District data systems, state assessment reports, assessment programs, grading systems, documented conversations, artifacts, and anecdotal records are all examples of places or means of gathering data. After the data is gathered and formatted for legibility of the group analyzing the data, analysis meetings occur.

During analysis, teams look for and discuss answers to their questions. The answers are then used to determine action steps to close gaps, meet needs, and change the direction of negative trends.

Create and Implement

Creating well-defined action steps removes unknowns and assumptions; so establishing who, what, where, when, and how for each action step is critical for the fidelity of implementation. Next steps may be implemented school-wide or may be implemented with specific groups of people or individuals or in specific subject areas, curricular areas, programs, or systems.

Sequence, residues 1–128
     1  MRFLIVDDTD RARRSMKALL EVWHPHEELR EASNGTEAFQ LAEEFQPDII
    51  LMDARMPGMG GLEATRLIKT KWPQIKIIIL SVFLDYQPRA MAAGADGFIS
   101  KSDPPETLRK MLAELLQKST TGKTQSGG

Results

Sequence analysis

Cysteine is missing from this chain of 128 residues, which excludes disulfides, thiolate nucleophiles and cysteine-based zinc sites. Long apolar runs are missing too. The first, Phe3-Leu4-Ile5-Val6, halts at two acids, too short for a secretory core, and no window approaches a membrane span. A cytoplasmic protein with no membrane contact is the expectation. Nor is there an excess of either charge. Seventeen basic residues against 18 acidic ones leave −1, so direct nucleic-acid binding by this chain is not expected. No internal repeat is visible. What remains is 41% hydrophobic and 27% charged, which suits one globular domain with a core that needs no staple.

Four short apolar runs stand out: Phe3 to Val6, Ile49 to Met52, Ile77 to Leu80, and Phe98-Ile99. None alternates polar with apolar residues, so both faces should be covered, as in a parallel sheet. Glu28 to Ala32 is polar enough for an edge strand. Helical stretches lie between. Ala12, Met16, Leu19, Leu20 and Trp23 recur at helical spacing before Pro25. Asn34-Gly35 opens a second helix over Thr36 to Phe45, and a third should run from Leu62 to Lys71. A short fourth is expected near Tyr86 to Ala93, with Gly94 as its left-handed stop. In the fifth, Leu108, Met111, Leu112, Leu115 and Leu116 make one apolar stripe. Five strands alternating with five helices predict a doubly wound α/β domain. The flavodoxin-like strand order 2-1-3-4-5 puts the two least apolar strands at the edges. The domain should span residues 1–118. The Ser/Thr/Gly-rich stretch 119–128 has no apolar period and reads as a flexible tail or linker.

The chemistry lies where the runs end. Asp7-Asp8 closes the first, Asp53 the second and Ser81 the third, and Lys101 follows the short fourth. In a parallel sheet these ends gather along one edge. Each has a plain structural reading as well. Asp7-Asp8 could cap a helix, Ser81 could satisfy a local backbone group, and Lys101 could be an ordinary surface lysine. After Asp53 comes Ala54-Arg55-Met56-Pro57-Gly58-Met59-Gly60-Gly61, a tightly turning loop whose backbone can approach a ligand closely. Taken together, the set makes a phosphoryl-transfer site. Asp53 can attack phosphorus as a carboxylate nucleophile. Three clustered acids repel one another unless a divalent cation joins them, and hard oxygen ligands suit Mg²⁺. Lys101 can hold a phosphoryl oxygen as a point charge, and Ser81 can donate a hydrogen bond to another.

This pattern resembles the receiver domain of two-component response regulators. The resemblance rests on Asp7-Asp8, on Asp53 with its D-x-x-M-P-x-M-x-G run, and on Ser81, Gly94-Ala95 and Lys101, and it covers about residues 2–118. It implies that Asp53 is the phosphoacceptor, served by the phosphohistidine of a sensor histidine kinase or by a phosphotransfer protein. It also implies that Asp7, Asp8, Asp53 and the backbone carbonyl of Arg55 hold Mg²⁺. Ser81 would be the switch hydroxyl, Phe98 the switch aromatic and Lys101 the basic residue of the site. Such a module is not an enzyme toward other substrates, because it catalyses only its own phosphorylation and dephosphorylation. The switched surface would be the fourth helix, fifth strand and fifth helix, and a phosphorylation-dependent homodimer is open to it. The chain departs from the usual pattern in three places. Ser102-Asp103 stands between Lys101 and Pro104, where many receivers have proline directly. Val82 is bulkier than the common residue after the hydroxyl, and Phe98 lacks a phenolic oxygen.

Review and Revise

Finally, reviewing results of the action steps and measuring their impact provide more data to be used for making adjustments or changes. The cycle then continues, as new questions arise from the review.

Everyone wants success. From paying bills and restocking cabinets in one’s home to leading a school and a district to the highest levels of success, the effective use of data is necessary. For schools and districts, using data analytics in education effectively creates success for children and thus success for our future.